Other studies support the clear advantages of adequate oral hygiene practices and regular dental care as shown in the study of Axelsson et al.2 (2004). Streckfus et al.22 (1999) demonstrated that the integrity of the periodontium could be maintained throughout life by exercising comprehensive oral hygiene practices and routine dental care. Furthermore, Eneroth, Sundberg4 (1985) recalled more than 900 subjects during a 5-year interval and reported stable periodontal conditions during the observation period. Likewise, Söderholm21 (1979) reported low incidence of caries when subjects were recalled every 3 months for education and training in plaque control measures and related scaling and root planing. When subjects were enrolled in the preventive program, the number of new decayed surfaces was reduced from 0.4 to 0.17 lesions/year. On the other hand, for those subjects who are not enrolled in preventive programs, a higher incidence of caries and periodontal disease has been reported.7,18 Fure7 (2003) showed a higher incidence of coronal and root caries for subjects between 55 and 75 years of age. It is obvious from the results of these studies that preventive dental care programs and oral health education may have a marked influence on sound tooth surfaces.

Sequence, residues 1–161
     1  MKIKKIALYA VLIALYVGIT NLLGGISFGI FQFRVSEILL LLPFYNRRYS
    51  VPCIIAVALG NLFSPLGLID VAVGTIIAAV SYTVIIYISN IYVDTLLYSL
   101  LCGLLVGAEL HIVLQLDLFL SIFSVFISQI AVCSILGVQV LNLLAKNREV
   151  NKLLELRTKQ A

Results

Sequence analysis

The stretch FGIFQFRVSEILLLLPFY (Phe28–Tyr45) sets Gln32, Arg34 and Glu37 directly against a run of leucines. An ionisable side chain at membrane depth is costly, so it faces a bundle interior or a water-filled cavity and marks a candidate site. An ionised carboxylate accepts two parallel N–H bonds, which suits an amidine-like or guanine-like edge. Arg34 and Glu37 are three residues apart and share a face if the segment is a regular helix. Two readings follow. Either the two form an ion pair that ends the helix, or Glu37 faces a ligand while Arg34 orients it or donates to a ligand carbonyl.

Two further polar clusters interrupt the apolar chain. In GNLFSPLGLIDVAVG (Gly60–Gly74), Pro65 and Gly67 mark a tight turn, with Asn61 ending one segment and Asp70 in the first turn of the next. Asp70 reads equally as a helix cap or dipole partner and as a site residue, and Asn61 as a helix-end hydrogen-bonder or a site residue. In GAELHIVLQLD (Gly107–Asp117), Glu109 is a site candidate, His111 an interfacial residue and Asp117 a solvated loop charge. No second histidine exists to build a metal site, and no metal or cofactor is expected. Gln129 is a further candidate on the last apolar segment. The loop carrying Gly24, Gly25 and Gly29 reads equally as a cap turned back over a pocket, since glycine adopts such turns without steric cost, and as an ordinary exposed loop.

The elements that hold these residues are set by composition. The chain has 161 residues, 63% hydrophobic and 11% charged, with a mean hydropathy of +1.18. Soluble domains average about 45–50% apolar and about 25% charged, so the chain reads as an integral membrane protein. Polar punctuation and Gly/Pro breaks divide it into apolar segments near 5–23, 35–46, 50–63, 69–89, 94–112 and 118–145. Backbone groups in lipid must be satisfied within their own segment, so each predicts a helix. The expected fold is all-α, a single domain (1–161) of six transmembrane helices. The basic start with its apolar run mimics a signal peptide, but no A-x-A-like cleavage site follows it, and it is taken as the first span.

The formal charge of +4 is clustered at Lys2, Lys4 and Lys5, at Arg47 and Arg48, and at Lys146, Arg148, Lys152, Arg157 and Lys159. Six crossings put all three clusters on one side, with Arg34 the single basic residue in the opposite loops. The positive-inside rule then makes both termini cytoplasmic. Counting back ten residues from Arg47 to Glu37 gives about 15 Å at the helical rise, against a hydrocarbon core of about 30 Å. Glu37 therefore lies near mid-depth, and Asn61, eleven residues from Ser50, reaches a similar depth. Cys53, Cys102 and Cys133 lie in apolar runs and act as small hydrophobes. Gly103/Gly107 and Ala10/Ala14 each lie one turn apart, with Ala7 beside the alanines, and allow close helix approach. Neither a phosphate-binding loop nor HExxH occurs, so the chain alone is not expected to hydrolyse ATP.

Additionally, the limited capacity of the different age groups to maintain the tooth surfaces free of dental plaque is a factor to be considered when indicating plaque-control measures.6,23 Freitas-Fernandez et al.6 (2002) showed, in a group of Brazilian children aged 7-11, unsatisfactory levels of plaque and gingival inflammation control even after being enrolled in a preventive program. The results showed that the children enrolled in the preventive program still had 32% of the dental surfaces covered with dental plaque. Likewise, Tawse-Smith et al.23 (2002) reported that elderly participants between 55 and 80 years of age were moderately effective in removing dental plaque when carrying out self-performed oral hygiene practices, even after receiving detailed video and written instructions for the use of different toothbrushes. Their results showed the limited capacity of the participants in removing dental plaque from implant surfaces irrespective of the mechanical device used. Mechanical methods of plaque control require dexterity, motivation, compliance and time. These studies clearly demonstrate that most of the individuals may find beneficial effects in the use of an adjunctive essential oil mouthwash in order to improve their self-performed oral hygiene.